Sexually Ambiguous 800m Champion under Investigation

26 August 2009

After her impressive victory in the 800m at the World Championships last week, crushing the competition by a good two seconds, South African teenager Caster Semenya was rewarded with a gold medal – and an investigation into whether or not she is female.


This is, of course, not unheard of. Ever since people found out that Stella Walsh, the 100m Olympic champion in 1932, had ambiguous genitalia, sporting boards have kept an eye out for this sort of thing.

Very rarely does a man pose as a woman athlete. Much more common are abnormalities in the determination of one’s sex, either because of chromosomal disorders, overproduction of androgens, non-responsiveness to certain hormones, or other conditions which result in some degree of intersex identity. Very occasionally a woman will find out, often in the midst of fertility testing, that she in fact has an XY combination. I recommend Mary Stewart Van Leeuwen’s My Brother’s Keeper for a good summary of just how many things have to be working normally in order for the XY chromosome pair to result in clearly expressed male physiology.

But that’s not what interests me about this case. It’s more the reaction of the South African athletic federation, Leonard Chuene. He was furious that the sex-testing procedure had been made public, and rightly so. That’s a pretty big breach of confidentiality in the sporting world. But Chuene was also indignant about the test being run at all, saying that there was no basis for it – then going so far as to claim that racism was behind the inquiry: “It would not be like that if it were some young girl from Europe,” Chuene told The Associated Press by telephone. “If it [sic] was a white child, she would be sitting somewhere with a psychologist, but this is an African child.” At a news conference he spewed the same accusation: “We are not going to allow Europeans to describe and define our children.”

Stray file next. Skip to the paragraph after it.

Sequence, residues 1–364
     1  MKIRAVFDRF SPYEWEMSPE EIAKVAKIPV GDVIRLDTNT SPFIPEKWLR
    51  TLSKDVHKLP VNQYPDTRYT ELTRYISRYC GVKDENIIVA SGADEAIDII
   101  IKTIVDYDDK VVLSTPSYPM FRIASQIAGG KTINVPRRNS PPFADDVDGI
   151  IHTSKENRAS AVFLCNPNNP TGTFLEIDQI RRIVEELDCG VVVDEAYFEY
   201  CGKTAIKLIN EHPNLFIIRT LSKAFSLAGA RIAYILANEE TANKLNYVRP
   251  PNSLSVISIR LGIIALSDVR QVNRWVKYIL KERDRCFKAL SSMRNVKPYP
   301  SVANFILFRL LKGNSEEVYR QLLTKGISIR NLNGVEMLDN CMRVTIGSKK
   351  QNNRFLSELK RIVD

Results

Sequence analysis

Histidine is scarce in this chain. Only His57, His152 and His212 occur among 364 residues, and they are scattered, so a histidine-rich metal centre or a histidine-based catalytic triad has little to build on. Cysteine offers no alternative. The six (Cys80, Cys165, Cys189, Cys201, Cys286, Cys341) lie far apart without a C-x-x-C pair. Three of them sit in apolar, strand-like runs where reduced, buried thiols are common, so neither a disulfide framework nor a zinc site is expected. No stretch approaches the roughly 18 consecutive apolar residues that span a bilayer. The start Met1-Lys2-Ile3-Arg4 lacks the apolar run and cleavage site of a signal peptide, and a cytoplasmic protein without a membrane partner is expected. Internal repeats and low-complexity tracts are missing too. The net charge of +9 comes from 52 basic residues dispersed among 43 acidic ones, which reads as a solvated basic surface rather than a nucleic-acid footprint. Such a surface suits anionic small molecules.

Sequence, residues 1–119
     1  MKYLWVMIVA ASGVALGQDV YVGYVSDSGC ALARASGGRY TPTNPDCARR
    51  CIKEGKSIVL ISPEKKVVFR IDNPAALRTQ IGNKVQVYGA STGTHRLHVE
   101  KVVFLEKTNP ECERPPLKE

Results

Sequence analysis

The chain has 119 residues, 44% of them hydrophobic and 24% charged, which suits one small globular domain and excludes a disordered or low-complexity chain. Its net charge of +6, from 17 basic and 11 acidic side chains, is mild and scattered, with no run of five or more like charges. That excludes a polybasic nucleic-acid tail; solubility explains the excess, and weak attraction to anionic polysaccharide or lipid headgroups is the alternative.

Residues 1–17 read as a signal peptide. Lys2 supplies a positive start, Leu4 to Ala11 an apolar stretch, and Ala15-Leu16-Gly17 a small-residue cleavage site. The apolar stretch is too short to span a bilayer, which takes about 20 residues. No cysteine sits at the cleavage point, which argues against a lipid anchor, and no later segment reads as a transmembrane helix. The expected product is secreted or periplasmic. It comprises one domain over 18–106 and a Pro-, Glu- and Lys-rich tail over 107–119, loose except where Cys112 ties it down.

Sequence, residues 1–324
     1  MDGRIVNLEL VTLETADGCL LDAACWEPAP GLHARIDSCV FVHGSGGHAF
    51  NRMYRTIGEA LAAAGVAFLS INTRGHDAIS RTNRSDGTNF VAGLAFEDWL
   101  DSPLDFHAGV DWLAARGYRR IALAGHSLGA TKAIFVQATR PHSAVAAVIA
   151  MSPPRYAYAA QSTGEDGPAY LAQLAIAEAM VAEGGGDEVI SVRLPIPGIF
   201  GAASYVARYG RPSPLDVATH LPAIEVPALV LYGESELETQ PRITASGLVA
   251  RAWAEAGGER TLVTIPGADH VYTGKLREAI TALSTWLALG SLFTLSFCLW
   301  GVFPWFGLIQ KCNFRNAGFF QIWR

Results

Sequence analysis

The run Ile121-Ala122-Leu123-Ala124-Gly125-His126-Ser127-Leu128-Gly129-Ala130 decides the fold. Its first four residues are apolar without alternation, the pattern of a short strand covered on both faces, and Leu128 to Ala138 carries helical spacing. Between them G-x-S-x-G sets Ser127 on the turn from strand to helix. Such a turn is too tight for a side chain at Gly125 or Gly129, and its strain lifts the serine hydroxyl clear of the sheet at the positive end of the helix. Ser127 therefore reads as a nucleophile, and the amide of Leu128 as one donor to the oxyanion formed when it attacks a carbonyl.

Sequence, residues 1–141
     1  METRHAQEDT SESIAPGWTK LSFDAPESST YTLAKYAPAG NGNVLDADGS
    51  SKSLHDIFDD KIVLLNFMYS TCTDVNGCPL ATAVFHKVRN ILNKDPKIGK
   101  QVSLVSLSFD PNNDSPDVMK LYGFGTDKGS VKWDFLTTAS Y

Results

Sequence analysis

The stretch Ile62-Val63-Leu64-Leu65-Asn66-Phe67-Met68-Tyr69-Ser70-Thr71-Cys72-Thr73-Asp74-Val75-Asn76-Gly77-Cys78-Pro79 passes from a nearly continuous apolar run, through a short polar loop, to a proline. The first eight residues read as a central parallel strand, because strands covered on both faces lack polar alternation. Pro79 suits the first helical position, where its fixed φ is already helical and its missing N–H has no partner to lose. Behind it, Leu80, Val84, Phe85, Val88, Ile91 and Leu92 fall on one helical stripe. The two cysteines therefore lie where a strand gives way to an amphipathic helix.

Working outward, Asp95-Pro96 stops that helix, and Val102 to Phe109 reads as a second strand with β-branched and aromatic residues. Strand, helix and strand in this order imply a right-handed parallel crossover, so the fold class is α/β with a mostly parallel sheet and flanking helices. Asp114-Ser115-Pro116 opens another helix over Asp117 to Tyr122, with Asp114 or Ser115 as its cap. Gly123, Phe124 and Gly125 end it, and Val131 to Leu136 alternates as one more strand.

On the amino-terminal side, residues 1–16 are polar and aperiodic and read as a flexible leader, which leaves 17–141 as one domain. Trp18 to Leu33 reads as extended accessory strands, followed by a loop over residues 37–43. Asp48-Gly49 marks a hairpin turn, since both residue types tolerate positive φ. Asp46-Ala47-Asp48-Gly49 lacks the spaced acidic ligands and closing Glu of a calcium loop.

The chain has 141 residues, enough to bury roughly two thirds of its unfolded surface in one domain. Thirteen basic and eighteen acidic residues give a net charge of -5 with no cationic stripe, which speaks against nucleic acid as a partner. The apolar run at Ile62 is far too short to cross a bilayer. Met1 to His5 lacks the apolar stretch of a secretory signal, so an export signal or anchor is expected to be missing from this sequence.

Think about how fascinating this is. Chuene is defending his own masculine pride through nationalist posturing – over the issue of an athlete who looks insufficiently feminine. Is he trying to appear more assertive and masculine than Semenya? And why does he feel so obligated to defend her at all costs? Is this also a tactic to “feminize” her, by playing to her youth, making her appear helpless and unable to speak for herself?

Moreover, Chuene describes sex as a matter of a society’s authority to “describe and define.” This is a considerable claim. Scholarship in the twentieth century, from Margaret Mead to Julia Kristeva, explained how gender is a matter of social construction. Only recently have intersex peoples (formerly called hermaphrodites) contended for the non-objectivity and pliability of sex itself. Calling into question the basic binary between male and female pulls the carpet out pretty much from under every society. Which is strange that it’s being declared from the mouth of Chuene, who strikes me as – oddly enough – patriarchal and paternalistic.

For the record, I’m not willing to concede the category of sex simply because of the possibility of biological variance. Neither will the World Championships athletic committee either, I’m sure.


One comment

  1. If you haven’t heard yet, it turns out that yes, Semenya is intersex. The IAAF’s tests revealed that she has internal testes and no womb or ovaries, though her external genitalia are female. They have not said whether they will strip her of her medal.

    As I said before, however, the most interesting thing about this case is the public response to it. Notice how You Magazine (South Africa) put her on the front cover dressed overtly feminine. And how Lamine Diack of the IAAF described himself as a “son of Africa,” presumably speaking to another son of Africa, in refusing to accept the resignation of the humiliated Leonard Chuene (http://www.sowetan.co.za/Sport/Article.aspx?id=1062470).

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